At FedBid.com, the payment method is a percentage of the total value of the product purchased. The rate is less than 1 percent and is paid by the company that wins the auction, said Phillip Fuster, chief executive and president of FedBid.com.
Fuster claims that the vendor that wins the auction makes back FedBid's fee by the savings realized in lower credit card and other fees.
ACS, which has partnered with Volumebuy Inc. of Tarzana, Calif., and SupplierMarket.com of Burlington, Mass., on its Buyers.gov team, also is using a transaction fee as its business model, company executives said.
Charging a licensing fee may cost an agency more over the long run, because the agency likely will be paying the licensing fee even when the software is not being used, said Raj Raghu, program manager for ACS' B2GExpress.com team.
Charging according to the amount the agency saves also is problematic, he said. "Savings are a nebulous thing," Raghu said.
Determining the baseline can be difficult and then, after the first year, the rate of savings drops, he said.
Vendors that want to sell through an auction and customers that want to buy need to be educated about what an auction can do ? and what it cannot, said Ted Carter, director of public sector business for FreeMarkets.
"We don't see it as a panacea for everything, but there are broad applications," he said.
Auctions can be used to buy everything from commodity products like coal to more complicated purchases such as call center services, Carter said.
The attraction for the government is that it is a way to achieve savings painlessly.
"No one gets laid off and you don't have to do a major restructuring," Carter said.
But others worry that auctions put too much emphasis on price, which runs counter to the trend in recent years of making procurements based on best value and not just the lowest price.
"We have to be careful," said Col. Jeffrey Parsons of the office of the assistant secretary for acquisitions in the Air Force. "We have built up trusted relationships with our vendors."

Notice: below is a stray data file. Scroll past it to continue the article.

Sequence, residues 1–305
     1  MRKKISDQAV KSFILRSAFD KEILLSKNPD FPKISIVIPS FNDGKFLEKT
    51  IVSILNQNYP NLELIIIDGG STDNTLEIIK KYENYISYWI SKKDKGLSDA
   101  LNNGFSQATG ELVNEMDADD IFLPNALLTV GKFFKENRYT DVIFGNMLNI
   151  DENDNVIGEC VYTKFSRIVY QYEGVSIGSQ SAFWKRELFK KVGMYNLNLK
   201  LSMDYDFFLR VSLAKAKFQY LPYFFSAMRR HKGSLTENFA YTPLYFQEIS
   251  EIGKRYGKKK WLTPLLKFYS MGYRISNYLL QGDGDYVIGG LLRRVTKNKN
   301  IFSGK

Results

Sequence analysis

Margins, especially in the information technology field, are very tight, and auctions will squeeze them even tighter, government and industry officials said.
"We want a healthy industry and they need to be able to have the margins to invest for the future," said Ken Oscar, acting administrator of the Office of Procurement Policy at the Office of Management and Budget.
But auctions and procurements based on best value are not mutually exclusive, according to the companies trying to sell auction services.
Nearly all of them can calculate parameters such as past performance, warranty features, delivery schedule and other criteria besides price into how the winner of an auction is picked.
Also, an auction can be just one part of a procurement.
"A reverse auction is a tool that allows us to get price component of a best-value decision," said the Navy's Huff.
Though the GSA pilot is focused on information technology products, Steve Kelman, a former OMB official and now a Harvard professor, said other areas would make better auction markets.
"I'm befuddled by the early emphasis on IT," he said. Blanket purchase agreements and the GSA schedule already are bringing the government very low prices, he said.
Executives are taking a wait and see approach at companies like GTSI Inc. of Chantilly, Va., which has built its business on selling commodity products to the government.
"We are somewhat dubious, but we are also experimenting with it," said Joel Lipkin, senior vice president of customer sales support at GTSI.
The company has participated in auctions, but Lipkin said he doesn't think auctions for commodity products will bring the government more savings.
"I absolutely believe the Web is the future for commodity procurement, but I'm not convinced that reverse auctions are going to be the most effective way to do it," he said.